Coaching Tips from Bill Furniss

Tips from taking T1/T2 Nova with Bill Furniss during Senior Club Coach Level III training

550m Warm Up (Drill ike and aerobic)

Repeats 100ms on 2:00 or 1:30 pb15

x3 of

 

500

700

500

 

100m easy in between

Motivation: they need to want it (Belief)

Coaching:

Improvement of competitive performance

Planned and coordinated programme of preparing and competition (orderly)

Player preparation and performance

 

Plan

Organise

Direct

Observe

Evaluate

Instruct

Communicate

Demonstrate

Share Knowledge

Strategies

Counselling

Motivation

Data Collection

Diagnosis

Adaptation

Overload

Progressions

 

 

Taking my Level I & Level II Assistant Swim Coaching Certificates by RPL

I ought to have completed my Level III Coaching Certificate with the Institute of Swimming by 2011 or 2012 … but life got in the way.  I had successfully completed 10/11 of the modules and only had to organise a poolside assessment. However, I took a job at the Open University and was working away from home for a year. I tried to find a club, but that would have meant spending weekends away from home not just through the week. When I came home I struggled to get a coaching slot with my club and by then my son needed taking to football coaching and games instead- so I stepped back from swimming for a further year.

Here we are six years later and I am poolside and making myself available. I have kept up the teaching, and for the last year 1 3/4 hours coaching with our ‘Training Groups’ and 2 hours with Masters.

Having done these 10/11 modules the IoS will let me submit evidence of my coaching experience, practice and understanding. It works thus:

Level II Coaching

Being in contact with our Club Manager and Head Coach I hope to be able to find the time poolside. I have offered to go to early morning sessions, and to work any evening through til 9.00pm. I have a day job and live 30 mins from the pools so don’t want to be staying out later.

The issue will be working alongside my fellow coaches who already take county, regional and national squads, and our Youth I and Youth II Training Groups.

Training Groups (T2 then T1)

T1/T2 NOVA 1 HOUR SESSION (8pm 25 NOV 08)                (MSM SC T2/T1  27 NOV 2016)

I followed this exactly six years ago. Poolside under the supervision of Bill Furniss with double gold Olympian in the lane. There are eight of us on the ASA Level III Senior Club Coach course which I had chosen to do up in Nottingham where NOVA trained. Tonight I’ll try it on our top Training Groups – not even competitive squads, but strong athletes all the same. It’ll be interesting to see by how I water it down during the course of the evening. At the Triangle, Burgess Hill.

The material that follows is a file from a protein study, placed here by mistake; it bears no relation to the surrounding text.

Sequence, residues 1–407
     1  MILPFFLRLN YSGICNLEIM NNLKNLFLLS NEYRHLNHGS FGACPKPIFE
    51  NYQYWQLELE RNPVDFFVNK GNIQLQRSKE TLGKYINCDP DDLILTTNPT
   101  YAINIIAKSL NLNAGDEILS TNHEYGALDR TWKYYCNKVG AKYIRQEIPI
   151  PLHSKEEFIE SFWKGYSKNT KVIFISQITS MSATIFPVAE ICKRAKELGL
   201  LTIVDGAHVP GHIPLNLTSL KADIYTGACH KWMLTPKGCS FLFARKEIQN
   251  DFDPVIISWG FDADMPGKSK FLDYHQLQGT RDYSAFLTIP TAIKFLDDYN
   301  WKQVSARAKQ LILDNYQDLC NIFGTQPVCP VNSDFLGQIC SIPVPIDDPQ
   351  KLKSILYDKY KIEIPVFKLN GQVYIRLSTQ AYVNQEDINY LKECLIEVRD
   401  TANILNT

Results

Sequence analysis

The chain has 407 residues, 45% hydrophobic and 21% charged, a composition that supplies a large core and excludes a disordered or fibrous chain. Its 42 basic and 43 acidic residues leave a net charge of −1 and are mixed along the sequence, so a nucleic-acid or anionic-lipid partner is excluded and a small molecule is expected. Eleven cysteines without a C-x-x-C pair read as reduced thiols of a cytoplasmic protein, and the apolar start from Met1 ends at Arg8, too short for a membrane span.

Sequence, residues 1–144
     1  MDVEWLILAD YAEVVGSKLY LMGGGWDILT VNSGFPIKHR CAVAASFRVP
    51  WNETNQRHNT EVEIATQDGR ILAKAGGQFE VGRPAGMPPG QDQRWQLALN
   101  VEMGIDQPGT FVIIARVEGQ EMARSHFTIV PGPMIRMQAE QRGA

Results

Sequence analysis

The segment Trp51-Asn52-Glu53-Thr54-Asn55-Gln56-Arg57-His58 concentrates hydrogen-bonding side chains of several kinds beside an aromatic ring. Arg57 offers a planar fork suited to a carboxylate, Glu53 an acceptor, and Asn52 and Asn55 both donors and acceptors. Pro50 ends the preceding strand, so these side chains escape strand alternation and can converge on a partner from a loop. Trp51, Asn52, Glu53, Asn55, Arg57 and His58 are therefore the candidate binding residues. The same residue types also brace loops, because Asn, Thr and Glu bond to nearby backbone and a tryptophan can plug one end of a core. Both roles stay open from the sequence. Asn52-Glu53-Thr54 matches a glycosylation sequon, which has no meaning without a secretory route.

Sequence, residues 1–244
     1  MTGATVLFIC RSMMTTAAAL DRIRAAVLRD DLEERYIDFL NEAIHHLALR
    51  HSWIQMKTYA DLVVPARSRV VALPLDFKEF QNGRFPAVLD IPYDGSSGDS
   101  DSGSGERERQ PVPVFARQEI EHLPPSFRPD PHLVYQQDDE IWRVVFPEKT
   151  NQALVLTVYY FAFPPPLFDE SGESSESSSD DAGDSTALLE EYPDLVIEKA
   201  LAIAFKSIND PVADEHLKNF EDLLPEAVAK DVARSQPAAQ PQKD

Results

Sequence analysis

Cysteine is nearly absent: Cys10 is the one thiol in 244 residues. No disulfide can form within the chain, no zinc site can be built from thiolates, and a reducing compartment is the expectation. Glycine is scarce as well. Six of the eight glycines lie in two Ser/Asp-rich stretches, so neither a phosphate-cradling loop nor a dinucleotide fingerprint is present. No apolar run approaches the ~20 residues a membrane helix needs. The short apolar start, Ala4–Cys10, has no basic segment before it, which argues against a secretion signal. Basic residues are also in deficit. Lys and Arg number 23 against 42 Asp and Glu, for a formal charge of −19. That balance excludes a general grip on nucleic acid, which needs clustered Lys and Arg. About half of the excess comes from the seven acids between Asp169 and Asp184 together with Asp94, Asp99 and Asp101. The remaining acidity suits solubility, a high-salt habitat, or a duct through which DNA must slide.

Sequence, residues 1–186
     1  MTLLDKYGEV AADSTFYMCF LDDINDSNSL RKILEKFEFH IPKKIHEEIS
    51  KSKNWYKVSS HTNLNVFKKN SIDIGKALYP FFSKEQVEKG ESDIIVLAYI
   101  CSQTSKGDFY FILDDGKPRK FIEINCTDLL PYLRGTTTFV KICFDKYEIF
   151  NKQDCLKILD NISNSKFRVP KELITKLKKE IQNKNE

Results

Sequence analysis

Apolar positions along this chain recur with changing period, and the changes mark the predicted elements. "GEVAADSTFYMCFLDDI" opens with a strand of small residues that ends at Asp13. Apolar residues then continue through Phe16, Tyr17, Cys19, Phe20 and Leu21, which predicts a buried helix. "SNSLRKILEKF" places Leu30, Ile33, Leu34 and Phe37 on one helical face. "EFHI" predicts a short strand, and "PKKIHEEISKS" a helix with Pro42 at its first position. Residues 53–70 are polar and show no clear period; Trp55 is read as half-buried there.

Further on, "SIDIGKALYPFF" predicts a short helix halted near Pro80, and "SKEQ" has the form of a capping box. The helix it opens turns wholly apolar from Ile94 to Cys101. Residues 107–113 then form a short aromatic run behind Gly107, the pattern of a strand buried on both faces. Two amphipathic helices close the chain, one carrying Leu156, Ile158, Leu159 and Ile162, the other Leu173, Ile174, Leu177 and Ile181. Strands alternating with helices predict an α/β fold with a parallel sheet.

WARM UP

Tumble on kick and tight streamlining + perfectly executed turns and transitions

Swim 4 x 50 FC T2 T3
as25m  FIST (Hands in fists drill)25m  CUP (Catch Up) @ 1.30 @ 100 / 1.15
Swim 3 x 50m BC @ 1.30 @ 1.00/1.15
High REC – stretch and reach with the shoulder
Kick 2 x 100m @ 2.15/2.30 @ 2.00/2.15
as 25 FC, 25 BC
550m

MAIN SET

Do you know you PB for 100m FC ? Hold Stroke Count  Inc: last 25m

T2 (?) T1
FIRST REPEAT
6 x 100m
@ on 2.00  PB + 15 @ on 1.30  PB + 15
1 x 200m IM
Slow FLY then Fast BC, BR & FC.
Last 25m FC to be same as last 25m on 100s
@ 4.00 @ 3.30
100m Easy BC 900m

 

T2 T1
SECOND REPEAT
4 x 100m
@ on 2.00  PB + 15 @ on 1.30  PB + 15
1 x 200m IM
Slow FLY then Fast BC, BR & FC.
@ 4.00 @ 3.30
100m Easy BC 700m

 

THIRD REPEAT
2 x 100m
@ on 2.00  PB + 15 @ on 1.30  PB + 15
1 x 200m IM
Slow FLY then Fast BC, BR & FC.
@ 4.00 @ 3.30
100m Easy BC 500m

SWIM DOWN

T2 T1
2 x 50 FLY @ 3.00 @ 2.30
2 x 50 FLY Kick on back @ 2.00 @ 1.30
2 x 50 FC MAX

 

TOTAL

T1 550m + 2100m + 300m = 2950m (Probably pushing it by 600m)

T2 550m + 1200m + 300m = 2050m (May reduce the warm up to 400m)

IN PRACTICE

The session worked well as a blueprint for our T2 and T3, though half the distance was covered. It was easier to adjust to suit the swimmers simply by reducing the number of repeats in the main set and/or increasing the rest interval. I even did a diluted version with five teenagers in our G8 teaching group.

 

NOVA Centurion 1 HOUR SESSION (8pm 25 NOV 08)

T1/T2 NOVA 1 HOUR SESSION         (8pm 25 NOV 08)